SACRAMENTO (CN) - The "first-ever" California Water Rights Atlas has been posted online, making thousands of water rights claims available to the public.
The Resource Renewal Institute announced the new website on Friday.
"Water is the most important issue facing California," former California Resources Secretary Huey Johnson said at a conference celebrating the new atlas. "The future hinges on how well we handle it."
Johnson founded the Resource Renewal Institute in 1985 to "facilitate the creation, development, and implementation of practical strategies to solve environmental problems in a comprehensive framework," according to the institute's website.
The institute called the website a "gift of information." It said the atlas "addresses California's water crisis by opening, organizing, and distilling dysfunctional state-level data to improve efficiency and access for water resource managers and the public."
Johnson said at the conference that he decided to create the atlas after years of frustration with the information available about water rights. "You almost had to be a priest of the process to access it and understand it," he said.
Under the California Constitution's Public Trust Doctrine, the public has a right to information about water rights.
But Johnson said special-interest groups have "manipulated policy and politics" to generate "purposeful confusion and chaos" and obstruct the public's ability to find and understand the data.
"For the past century, powerful special interests claimed ownership of both real and imaginary water through political contributions. Other states outgrew this corrupt practice long ago, but not California," Johnson said in a statement.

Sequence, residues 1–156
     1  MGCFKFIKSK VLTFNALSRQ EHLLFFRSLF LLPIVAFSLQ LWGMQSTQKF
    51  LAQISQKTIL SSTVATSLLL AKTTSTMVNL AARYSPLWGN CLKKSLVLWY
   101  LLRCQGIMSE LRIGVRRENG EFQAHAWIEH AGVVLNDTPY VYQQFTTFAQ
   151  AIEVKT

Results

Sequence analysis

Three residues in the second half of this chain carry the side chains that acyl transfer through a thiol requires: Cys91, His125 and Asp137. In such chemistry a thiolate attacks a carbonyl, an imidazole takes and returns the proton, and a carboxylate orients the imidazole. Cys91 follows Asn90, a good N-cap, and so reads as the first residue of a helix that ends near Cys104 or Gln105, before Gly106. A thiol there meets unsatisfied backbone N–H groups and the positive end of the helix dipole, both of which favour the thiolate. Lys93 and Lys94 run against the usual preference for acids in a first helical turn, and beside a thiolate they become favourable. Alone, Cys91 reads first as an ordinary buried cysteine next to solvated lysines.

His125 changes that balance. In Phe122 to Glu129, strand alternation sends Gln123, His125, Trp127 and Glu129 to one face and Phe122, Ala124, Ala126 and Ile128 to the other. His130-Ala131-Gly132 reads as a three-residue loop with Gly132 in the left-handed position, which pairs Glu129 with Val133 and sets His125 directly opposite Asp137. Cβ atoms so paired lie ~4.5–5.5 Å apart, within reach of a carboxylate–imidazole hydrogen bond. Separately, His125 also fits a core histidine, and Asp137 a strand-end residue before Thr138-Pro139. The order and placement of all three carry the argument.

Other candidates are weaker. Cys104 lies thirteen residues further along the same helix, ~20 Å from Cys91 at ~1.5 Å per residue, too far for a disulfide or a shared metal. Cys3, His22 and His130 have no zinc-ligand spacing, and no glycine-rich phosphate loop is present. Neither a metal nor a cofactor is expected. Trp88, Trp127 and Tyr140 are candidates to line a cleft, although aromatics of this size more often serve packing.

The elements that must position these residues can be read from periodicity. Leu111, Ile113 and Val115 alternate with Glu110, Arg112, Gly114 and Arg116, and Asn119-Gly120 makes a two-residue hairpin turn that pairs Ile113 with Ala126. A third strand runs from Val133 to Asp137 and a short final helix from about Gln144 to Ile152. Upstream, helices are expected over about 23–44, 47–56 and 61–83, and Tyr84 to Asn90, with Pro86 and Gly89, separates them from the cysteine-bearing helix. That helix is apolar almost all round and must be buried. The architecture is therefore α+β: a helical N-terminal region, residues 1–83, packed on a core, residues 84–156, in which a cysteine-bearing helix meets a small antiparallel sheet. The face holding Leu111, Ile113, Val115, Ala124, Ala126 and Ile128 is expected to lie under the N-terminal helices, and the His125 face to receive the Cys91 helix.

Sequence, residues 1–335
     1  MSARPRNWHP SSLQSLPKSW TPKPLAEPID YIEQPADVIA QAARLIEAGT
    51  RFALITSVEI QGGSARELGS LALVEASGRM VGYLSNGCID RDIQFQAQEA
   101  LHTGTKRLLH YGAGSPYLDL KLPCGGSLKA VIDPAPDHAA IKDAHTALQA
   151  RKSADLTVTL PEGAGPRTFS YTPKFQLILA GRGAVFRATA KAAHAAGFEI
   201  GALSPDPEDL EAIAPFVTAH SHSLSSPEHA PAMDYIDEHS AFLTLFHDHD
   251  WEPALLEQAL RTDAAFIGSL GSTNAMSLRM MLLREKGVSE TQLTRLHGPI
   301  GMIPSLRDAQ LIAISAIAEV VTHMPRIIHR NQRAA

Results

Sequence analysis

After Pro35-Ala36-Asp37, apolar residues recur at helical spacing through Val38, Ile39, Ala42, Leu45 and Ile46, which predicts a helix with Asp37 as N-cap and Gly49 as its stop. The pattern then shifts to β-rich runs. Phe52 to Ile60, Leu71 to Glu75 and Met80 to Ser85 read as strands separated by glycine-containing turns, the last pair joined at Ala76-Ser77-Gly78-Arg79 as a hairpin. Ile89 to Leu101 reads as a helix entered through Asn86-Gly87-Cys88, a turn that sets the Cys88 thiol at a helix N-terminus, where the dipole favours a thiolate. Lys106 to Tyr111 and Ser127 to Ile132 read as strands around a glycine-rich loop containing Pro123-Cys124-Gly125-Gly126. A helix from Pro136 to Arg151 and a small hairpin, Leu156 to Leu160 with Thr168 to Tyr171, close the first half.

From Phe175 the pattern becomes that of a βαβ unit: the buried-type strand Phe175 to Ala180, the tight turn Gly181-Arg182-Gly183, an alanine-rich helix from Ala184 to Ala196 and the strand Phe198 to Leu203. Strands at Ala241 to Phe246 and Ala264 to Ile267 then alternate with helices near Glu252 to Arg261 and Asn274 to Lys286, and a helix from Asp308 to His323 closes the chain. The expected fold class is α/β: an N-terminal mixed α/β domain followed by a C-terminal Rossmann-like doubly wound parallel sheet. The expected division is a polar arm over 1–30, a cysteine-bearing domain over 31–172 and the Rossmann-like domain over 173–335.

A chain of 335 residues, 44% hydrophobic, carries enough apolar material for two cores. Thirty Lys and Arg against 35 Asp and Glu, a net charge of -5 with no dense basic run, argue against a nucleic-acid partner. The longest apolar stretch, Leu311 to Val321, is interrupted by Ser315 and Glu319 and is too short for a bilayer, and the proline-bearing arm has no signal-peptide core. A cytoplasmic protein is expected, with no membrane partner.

"Problems with the state's data infrastructure have directly contributed to cumbersome, inefficient water management and marginal civic engagement. Inconsistent and incomplete data resulted in wasted time, wasted money, and wasted opportunities."
Johnson said that water-rights holders in the state claim to divert 250 million acre-feet of water a year, though California receives around 71 million acre-feet of usable water from annual precipitation.
By providing "real-time and open information," the atlas can help citizens, nonprofit groups, policy makers, and the media participate meaningfully in water resource management, Johnson said.
"The new Atlas puts every citizen on equal footing with the most powerful special interests," he added.
The Governor's Office published a California Water Atlas in 1979, "a book dedicated to providing citizens with a strong starting point to tackle looming water scarcity and give clarity to a complex system," according to the statement.
The online Atlas will make the information transparent and available to the public, the institute said.
Users can see thousands of water rights claims by typing key phrases into the search bar, or perform specific searches with filters for county, body of water, watershed, status of the claim, or owner of the claim.
The claims appear on an interactive map as dots color-coded based on how the water is used, such as for irrigation, agriculture, or municipal purposes. The dots vary in size according to how many acre-feet per year each the claim's owner can divert.
Hovering the mouse over a dot causes a window to pop up, revealing who owns the claim, how many acre-feet per year the owner can divert, and sometimes the year the claim application was received.
The atlas includes "real-time information on water conveyance, remote in-stream sensor data, and water diversion reports," the institute's lead engineer said in a statement.